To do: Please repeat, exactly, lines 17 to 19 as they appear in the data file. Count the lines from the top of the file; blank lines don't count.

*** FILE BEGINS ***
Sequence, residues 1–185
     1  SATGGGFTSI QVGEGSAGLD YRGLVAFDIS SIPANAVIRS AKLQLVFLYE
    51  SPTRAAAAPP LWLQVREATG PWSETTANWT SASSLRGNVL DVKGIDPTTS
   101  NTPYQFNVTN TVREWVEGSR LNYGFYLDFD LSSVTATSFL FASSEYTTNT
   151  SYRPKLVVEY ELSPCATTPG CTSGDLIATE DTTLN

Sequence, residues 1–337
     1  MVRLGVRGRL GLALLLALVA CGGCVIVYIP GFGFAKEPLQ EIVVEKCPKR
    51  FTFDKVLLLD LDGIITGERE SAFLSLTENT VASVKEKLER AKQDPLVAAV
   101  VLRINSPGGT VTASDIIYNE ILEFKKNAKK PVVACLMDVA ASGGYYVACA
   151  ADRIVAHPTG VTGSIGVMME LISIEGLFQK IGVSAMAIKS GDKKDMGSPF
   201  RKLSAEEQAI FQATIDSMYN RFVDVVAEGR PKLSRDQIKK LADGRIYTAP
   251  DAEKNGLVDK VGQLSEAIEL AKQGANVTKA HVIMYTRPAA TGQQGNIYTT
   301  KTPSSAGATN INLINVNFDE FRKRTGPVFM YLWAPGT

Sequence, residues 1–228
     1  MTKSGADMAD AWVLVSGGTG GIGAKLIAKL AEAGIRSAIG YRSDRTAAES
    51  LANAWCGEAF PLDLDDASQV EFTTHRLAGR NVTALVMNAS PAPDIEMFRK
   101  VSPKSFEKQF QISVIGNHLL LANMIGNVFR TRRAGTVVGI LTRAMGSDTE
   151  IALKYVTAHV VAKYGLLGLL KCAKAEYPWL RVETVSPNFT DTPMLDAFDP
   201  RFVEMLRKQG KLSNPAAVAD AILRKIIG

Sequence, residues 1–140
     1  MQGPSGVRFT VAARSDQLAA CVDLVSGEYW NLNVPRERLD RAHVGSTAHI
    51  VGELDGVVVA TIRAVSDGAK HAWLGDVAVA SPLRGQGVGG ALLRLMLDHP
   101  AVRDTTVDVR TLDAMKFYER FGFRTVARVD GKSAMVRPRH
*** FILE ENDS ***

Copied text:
   101  VSPKSFEKQF QISVIGNHLL LANMIGNVFR TRRAGTVVGI LTRAMGSDTE
   151  IALKYVTAHV VAKYGLLGLL KCAKAEYPWL RVETVSPNFT DTPMLDAFDP
   201  RFVEMLRKQG KLSNPAAVAD AILRKIIG